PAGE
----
With the above information in mind, therefore, the causes of the conflict between the auditor’s client confidentiality and their ethical standards to gain public trust can be ascertained.  The devil lies in the disclosure obligations of the auditor. There are unclear roles of the auditor with regard to their obligations to their client and the general public. In other words, if the findings of the audit process would remain confidential, what objective or motive of the audit would it be? This is a critical question that must be addressed to foster the interests of the client and as well strike a balance between them and those of the investors and the general public. This is the only way to instill public confidence and encourage investment ventures.

Explain and discuss how the Dodd-Frank Act and the whistle-blower program can protect accountants and auditors.

The Dodd-Frank Act pioneered by Obama administration has become of great significance in the accounting field. It has accommodated provisions that are aimed at streamlining the operations of banks and other lending institutions in the field.  The act has been key in regulating reserve requirements of banks and other related financial institutions.   It is hence a privilege for both the accountants and auditors. It is important to understand that in the past; the management of organizations have been seen compelling accountants to provide compromised financial information to lure the public into investing in it considering its financial health. However, the act has provided for disclosure of information in a manner that is best understood by the public before issuing any offers in the market. This is achieved through the Financial Stability Oversight Council that has been keen to enforce the interest of the consumers.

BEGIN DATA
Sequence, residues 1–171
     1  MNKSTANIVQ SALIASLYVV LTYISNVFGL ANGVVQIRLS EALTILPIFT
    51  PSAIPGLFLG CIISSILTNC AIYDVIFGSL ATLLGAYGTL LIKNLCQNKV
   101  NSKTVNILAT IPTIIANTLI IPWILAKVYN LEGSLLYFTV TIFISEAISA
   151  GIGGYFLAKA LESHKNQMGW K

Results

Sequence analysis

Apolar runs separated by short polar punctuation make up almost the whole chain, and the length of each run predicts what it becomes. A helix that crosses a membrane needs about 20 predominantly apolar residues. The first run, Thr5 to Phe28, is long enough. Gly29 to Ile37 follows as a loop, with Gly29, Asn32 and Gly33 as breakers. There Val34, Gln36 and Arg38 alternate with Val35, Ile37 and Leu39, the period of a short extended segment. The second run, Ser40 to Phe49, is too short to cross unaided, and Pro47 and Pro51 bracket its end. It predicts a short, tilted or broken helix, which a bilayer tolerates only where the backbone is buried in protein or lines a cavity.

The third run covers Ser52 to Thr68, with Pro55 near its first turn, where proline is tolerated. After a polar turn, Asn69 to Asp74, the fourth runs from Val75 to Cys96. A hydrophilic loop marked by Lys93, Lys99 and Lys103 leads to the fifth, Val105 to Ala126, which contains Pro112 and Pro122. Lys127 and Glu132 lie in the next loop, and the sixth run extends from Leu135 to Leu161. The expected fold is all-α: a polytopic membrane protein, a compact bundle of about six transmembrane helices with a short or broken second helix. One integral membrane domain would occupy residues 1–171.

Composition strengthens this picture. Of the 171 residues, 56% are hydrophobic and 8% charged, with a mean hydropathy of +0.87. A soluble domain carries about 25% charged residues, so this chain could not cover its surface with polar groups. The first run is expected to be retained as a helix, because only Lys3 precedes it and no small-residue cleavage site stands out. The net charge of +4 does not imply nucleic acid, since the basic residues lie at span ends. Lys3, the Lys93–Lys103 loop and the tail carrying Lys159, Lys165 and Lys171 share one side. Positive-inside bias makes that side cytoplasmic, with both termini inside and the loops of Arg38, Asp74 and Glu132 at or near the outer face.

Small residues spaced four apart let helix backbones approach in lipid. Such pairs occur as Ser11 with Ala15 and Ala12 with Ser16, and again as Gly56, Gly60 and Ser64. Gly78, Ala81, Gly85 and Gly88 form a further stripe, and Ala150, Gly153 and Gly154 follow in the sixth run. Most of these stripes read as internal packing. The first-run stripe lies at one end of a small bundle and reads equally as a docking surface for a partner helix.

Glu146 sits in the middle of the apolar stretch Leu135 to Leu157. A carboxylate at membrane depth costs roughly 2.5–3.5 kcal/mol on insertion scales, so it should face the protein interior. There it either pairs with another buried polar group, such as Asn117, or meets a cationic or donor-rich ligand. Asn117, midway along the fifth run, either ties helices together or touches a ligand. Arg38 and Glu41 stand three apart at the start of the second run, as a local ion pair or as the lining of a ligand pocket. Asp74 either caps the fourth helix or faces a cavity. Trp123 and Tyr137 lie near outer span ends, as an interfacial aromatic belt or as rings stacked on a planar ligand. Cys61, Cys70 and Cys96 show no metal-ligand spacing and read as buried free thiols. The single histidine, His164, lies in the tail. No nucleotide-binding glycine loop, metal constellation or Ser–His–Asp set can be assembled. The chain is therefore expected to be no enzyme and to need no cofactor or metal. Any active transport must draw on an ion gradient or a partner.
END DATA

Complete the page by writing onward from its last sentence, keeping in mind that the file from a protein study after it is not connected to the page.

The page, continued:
The Whistleblower Program provides incentives to the accountants and auditors as well as individuals in other capacities with incentives upon realization of possible or potential breaches of the Commodity Exchange Act.  The dilemma of client confidentiality obligations has hence been partly solved under this act (Hay, 2014). That has contributed significantly to a successful enforcement action as it is the role of auditors and accountants. By offering confidentiality, privacy and anti-retaliation protections for the whistleblowers, it has offered a chance to the accountants and auditors to uncover issues of fraudulent reporting and misappropriations in business firms.

Discuss why it is important for auditors to show evidence that they followed the ethical and professional standards

In as much as we focus a great deal of attention on the interests of the auditors, it is important to understand that the information released to the public could accrue the organization in question detrimental consequences. This is based on the fact that misreporting or using the wrong channels of communication could erode public and investor confidence that would otherwise cost the organization direly (Hay, 2014). It is for this reason that the information released by the auditors must be accompanied by a proof of evidence that the required ethical and professional standards were followed during the audit process. This is the only way to strike a balance between the interests of the organization and those of the investors.


References

Brian, B. D. (2017). Internal corporate investigations. Chicago, IL: American Bar Association, Section of Litigation.

Hay, D. (2014). The Routledge Companion to Auditing. London: Routledge.

Westra, B. (2017). Auditing essentials: Wet en regelgeving voor accountants. Amsterdam: BNA Media.

 

 

Key Assignment: Part 2
17357

ACCTG

Summer 2018

Tax Research Case